The Israel Antiquities Authority reported Wednesday that a financial record from two millennia ago was discovered on what was once Jerusalem’s major road during the Second Temple era. The independent governmental archaeological organization stated that the writing on the little stone tablet discovered on Pilgrimage Road at the City of David site was possibly a receipt or a payment instruction made by a person involved in commercial activity during the Second Temple era.
The tablet, which was inscribed with letters and figures, was found in what was once thought to be a busy business district. The Hebrew letter mem is placed after the final letter of the name “Shimon” in one line, while numerals are represented by symbols in the other lines. Some of the numerals are preceded by their monetary value, which is indicated by the letter mem, which is short for ma’ot (Hebrew for “money,” or by the letter resh, which is short for reva’im (Hebrew for “quarters,” respectively).
According to an article in the archaeological magazine Atiqot, four identical Hebrew inscriptions with names and numbers engraved on comparable stone slabs and belonging to the Early Roman era (37 BCE to 70 C.E.) have been discovered in Jerusalem and Bet Shemesh. But to date, this is the earliest inscription discovered inside the walls of Jerusalem at that period.
The writing, according to the JNS, was etched with a sharp chisel into a slab of chalkstone (qirton). It appears that the stone slab was first used as an ossuary (burial chest) a frequent practice in Early Roman Jerusalem and Judea.
The exciting find was made on the Pilgrimage Road near the lower city center. The road, which was about 660 yards long and functioned as Jerusalem’s primary roadway, connected the city gate and the Siloam Pool region in the south of the City of David to the gates of the Temple Mount and the Second Temple.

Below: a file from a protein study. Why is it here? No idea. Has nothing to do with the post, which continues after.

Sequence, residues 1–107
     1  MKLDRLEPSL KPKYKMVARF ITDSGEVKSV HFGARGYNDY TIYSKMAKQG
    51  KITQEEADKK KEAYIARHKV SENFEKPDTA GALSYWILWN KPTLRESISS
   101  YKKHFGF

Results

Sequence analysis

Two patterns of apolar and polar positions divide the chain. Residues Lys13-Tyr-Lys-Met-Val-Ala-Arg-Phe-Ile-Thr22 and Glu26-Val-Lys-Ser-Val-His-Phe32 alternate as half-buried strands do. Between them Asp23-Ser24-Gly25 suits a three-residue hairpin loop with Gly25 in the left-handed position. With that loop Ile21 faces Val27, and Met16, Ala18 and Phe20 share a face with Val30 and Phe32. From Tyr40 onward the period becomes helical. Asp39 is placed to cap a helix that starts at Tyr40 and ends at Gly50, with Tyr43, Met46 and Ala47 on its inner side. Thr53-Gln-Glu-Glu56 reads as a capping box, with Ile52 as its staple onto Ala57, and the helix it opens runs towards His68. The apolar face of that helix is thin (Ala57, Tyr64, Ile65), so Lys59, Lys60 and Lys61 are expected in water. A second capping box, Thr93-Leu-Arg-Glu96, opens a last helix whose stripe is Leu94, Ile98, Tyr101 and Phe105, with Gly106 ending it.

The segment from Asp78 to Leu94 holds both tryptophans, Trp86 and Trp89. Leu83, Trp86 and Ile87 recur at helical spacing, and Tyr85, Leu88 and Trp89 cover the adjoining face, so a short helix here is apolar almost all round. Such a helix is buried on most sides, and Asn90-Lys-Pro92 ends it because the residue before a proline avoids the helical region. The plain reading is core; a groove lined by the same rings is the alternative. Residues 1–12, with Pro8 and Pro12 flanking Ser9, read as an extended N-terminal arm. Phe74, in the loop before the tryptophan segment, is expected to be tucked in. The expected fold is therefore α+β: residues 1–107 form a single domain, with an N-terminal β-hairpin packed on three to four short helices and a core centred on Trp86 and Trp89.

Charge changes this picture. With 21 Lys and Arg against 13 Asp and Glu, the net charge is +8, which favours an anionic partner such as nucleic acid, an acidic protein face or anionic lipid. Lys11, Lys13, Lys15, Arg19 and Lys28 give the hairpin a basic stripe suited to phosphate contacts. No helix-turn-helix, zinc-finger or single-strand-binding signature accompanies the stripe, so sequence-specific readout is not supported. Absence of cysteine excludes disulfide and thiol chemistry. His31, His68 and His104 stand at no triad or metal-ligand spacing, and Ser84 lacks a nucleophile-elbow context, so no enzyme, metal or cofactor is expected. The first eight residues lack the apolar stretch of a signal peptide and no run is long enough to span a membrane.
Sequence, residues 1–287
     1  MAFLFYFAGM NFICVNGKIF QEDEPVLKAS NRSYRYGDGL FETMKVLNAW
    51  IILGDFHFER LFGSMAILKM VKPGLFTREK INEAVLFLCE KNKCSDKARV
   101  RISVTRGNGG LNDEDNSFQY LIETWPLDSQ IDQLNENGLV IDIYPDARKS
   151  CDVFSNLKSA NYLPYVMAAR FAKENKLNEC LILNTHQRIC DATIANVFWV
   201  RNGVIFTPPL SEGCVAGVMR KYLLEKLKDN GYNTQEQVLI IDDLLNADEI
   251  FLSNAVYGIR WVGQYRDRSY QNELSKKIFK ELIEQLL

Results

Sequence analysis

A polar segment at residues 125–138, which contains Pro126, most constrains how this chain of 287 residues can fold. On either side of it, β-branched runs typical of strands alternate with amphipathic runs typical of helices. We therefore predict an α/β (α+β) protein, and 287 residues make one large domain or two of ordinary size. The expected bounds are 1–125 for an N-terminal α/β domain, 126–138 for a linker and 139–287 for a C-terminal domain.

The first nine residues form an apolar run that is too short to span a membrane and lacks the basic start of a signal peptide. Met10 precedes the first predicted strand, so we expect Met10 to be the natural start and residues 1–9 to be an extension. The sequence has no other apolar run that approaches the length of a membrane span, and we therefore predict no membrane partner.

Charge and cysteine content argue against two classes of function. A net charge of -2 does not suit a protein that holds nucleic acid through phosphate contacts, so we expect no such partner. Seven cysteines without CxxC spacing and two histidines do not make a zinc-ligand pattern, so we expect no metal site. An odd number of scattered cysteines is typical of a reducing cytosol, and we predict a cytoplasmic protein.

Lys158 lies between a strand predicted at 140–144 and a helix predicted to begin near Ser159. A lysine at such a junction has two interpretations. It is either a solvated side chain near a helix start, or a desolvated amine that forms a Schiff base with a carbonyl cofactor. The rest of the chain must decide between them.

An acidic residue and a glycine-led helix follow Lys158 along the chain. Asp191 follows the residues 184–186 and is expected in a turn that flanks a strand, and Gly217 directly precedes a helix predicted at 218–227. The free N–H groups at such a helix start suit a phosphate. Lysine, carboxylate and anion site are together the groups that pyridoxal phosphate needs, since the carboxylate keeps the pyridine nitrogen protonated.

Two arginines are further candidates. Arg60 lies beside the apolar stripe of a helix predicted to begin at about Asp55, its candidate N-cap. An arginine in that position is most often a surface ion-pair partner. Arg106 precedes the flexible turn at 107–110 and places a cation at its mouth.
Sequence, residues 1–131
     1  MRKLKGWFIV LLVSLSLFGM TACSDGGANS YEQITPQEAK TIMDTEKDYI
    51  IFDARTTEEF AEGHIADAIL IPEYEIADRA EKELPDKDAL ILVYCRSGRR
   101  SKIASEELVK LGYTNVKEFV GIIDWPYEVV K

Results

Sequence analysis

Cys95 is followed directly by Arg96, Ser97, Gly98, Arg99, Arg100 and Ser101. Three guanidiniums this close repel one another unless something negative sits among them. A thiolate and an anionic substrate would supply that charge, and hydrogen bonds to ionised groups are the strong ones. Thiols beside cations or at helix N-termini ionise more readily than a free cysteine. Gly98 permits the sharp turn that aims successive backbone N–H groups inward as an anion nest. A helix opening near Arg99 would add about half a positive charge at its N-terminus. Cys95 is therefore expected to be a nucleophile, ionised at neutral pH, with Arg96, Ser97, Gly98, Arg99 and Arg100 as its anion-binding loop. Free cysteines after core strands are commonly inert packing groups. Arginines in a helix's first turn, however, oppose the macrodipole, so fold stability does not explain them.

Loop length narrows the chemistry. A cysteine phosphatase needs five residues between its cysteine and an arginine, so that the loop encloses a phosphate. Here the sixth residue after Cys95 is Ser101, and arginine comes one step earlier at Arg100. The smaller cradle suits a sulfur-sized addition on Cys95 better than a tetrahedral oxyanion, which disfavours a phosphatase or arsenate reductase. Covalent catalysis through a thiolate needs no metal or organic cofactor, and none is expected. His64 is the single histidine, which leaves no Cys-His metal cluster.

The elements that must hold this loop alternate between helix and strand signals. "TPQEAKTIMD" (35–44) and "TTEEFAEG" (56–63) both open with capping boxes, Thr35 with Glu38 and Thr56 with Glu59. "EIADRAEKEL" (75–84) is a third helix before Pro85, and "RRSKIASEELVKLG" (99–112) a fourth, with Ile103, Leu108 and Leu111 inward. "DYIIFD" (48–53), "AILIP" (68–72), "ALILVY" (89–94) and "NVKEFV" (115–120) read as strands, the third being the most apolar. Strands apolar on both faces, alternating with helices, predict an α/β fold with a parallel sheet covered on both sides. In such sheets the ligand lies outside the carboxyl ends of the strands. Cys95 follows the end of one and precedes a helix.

The stone tablet with the inscription was found in a tunnel of an earlier excavation at the location, which was carried out towards the end of the 19th century by British archaeologists Frederick Bliss and Archibald Dickie.
Although the inscription was discovered outside of its original archaeological context, the Antiquities Authority said that based on the type of script, the type of stone slab, and its similarity to other contemporary inscriptions, it was possible to date it to the Early Roman period, at the end of the Second Temple period.
According to the researchers, “the everyday life of the inhabitants of Jerusalem who resided here 2,000 years ago is expressed in this simple object. At first glance, the list of names and numbers may not seem exciting, but to think that, just like today, receipts were also used in the past for commercial purposes, and that such a receipt has reached us, is a rare and gratifying find that allows a glimpse into everyday life in the holy city of Jerusalem.”
“The remarkable discovery on the Pilgrimage Road in Jerusalem uncovers another aspect of Jewish life in the city from 2,000 years ago. The unique excavations in the area position the City of David as a pivotal center in the Jewish people’s global historical narrative.” said Rabbi Amichai Eliyahu who is the Minister of Heritage.
Eli Escusido, director of the Israel Antiquities Authority, said, “It is not a coincidence that the many discoveries which are being revealed in the excavation shed light on the centrality of this road even during the Second Temple period. With every discovery, our understanding of the area deepens, revealing this street’s pivotal role in the daily lives of Jerusalem’s inhabitants 2,000 years ago.”